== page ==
thumbnailFigure 3. a Unstained MA section showing AOIs marked in red. b Image of LCM cap showing captured epithelial AOIs. c LCM of normal MG depicting stromal debris attached to the macro cap. d Cap area from panel C after removal of stromal debris via adhesive note.

2.1 RNA Extraction

A dry bath and heating block were pre-warmed to 42°C. The heating block was removed and inverted tubes were quickly placed at the bottom of the dry bath. The heating block was inverted, placed on top of the tubes to ensure adequate heat retention, and incubated at 42°C for 30 min (Figure 4). Tubes were centrifuged for 2 min at 800×g to collect cell extract and stored at -80°C until the remaining portion of the RNA extraction procedure could be completed. The PicoPure® kit (Molecular Devices, cat. no. KIT0204) was used to extract RNA. Briefly, RNA purification columns were prepared by adding 250 μL of conditioning buffer onto the purification column filter membrane and incubating for 5 min at room temperature. The column collection tube was centrifuged at 16,000×g for 1 min. The cell extract was treated with 30 μL of 70% EtOH and mixed well. The cell extract EtOH mixture was pipetted into the pre-conditioned purification column and centrifuged for 2 min at 100×g to bind RNA to the column, immediately followed by a centrifugation at 16,000×g for 30 s to remove flow-through. Cell extracts isolated from multiple LCM caps of each sample, four MA and eight MG caps, respectively, were processed through the same column to increase RNA yield. Wash buffer 1 (WB1, 100 μL) was added to the purification column and centrifuged for 1 min at 8,000×g. DNase working solution was diluted by adding 5 μL DNase I stock solution DNase, RNase-Free DNase Set (Qiagen, cat. no. 79254) to 35 μL buffer RDD (provided with NF Set) and mixed by gently inverting. Forty microliters of the DNase working solution was added directly into the purification column membrane and incubated at room temperature for 15 min. The DNase was washed by adding 40 μL PicoPure® RNA Kit WB1 to the purification column membrane and centrifuged at 8,000×g for 15 s, followed by a second buffer wash, 100 μL wash buffer 2 (WB2), and centrifuged for 1 min at 8,000×g. The column was washed again by adding 100 μL WB2 into the purification column and centrifuged for 2 min at 16,000×g. The column was inspected for any residual WB and if found was re-centrifuged at 16,000×g for 1 min. The column was transferred to a new 0.5-mL microcentrifuge tube provided in the kit. RNA was eluted by adding 11 μL of elution buffer directly onto the membrane of the purification column and incubated for 1 min at room temperature followed by centrifugation of the column for 1 min at 1,000×g and 1 min at 16,000×g. The isolated RNA was stored at -80°C.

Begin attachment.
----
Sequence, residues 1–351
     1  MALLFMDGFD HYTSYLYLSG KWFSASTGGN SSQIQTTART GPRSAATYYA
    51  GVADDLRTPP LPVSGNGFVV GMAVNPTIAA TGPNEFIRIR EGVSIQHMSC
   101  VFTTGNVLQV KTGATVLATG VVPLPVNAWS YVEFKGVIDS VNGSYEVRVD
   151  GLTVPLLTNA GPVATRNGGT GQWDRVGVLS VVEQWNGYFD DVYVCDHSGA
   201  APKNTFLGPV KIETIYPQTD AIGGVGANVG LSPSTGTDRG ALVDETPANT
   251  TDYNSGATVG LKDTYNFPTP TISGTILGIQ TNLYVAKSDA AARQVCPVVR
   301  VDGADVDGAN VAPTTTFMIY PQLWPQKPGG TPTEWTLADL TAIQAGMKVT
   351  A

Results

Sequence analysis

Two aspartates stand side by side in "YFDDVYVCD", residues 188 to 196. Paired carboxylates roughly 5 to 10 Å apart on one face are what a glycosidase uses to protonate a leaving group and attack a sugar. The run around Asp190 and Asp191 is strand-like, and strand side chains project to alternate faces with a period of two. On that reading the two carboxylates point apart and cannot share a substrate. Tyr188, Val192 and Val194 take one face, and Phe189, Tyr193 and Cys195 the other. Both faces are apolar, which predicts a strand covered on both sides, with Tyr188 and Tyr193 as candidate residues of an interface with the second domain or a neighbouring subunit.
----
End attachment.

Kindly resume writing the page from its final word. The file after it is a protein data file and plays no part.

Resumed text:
thumbnailFigure 4. Proper inverted orientation of microfuge tubes and heating block. Microfuge tubes were kept inverted during initial RNA extraction, ensuring adequate coverage of extraction buffer across the surface of the LCM cap.

2.2 Total RNA Quantity and Integrity

The concentration of each total RNA sample was determined using a NanoDrop® ND-3300 Fluorospectrometer (NanoDrop, Wilmington, DE). The assay measured fluorescence of RiboGreen dye at 525 nm following excitation at 470 nm. RNA concentration was calculated based on a standard curve. The integrity of total RNA samples was examined by Experion (Bio-Rad, Hercules, CA, cat. no. 700-7001) using the Experion RNA HighSens analysis kit (cat. no. 700-7105).

2.3 RNA Amplification and Labeling for Microarray

The Ovation™ Biotin RNA amplification and labeling system was used for amplification and labeling (NuGEN Technologies, Inc., San Carlos, CA., cat. no. 2300). The Ovation™ Biotin System is powered by Ribo-SPIA Technology, a rapid, simple, and sensitive RNA amplification process. A detailed protocol is described in the user's guide kit and was used without modification as reported previously [24].

2.4 Hybridization, Washing, and Staining of the Affymetrix GeneChip® Rat Genome 230 2.0 Arrays

Hybridization was performed by incubating 200 μL of the above hybridization cocktail to the Affymetrix GeneChip® arrays (Affymetrix, Inc., Santa Clara, CA). Hybridization occurred at 45°C for 16 h using a GeneChip® Hybridization Oven 640 (Affymetrix). After hybridization, the hybridization solutions were removed and the arrays washed and stained with streptavidin-phycoerythrin using a GeneChip® Fluidics Station 450 (Affymetrix). Arrays were read at a resolution of 2.5 to 3 Am using the GeneChip® Scanner 3000 (Affymetrix).

2.5 Statistical Analyses

Raw expression values from 42 chips of the Affymetrix Rat Genome 230 2.0 were generated using GeneChip® Operating Software (Affymetrix). All analyses were performed using Systat statistical analysis software, version 12 (Systat Software, Inc., San Jose, CA)

3 Protocol

3.1 Necropsy

1. Harvest all tissues as quickly as possible, i.e., <4 min from time of killing.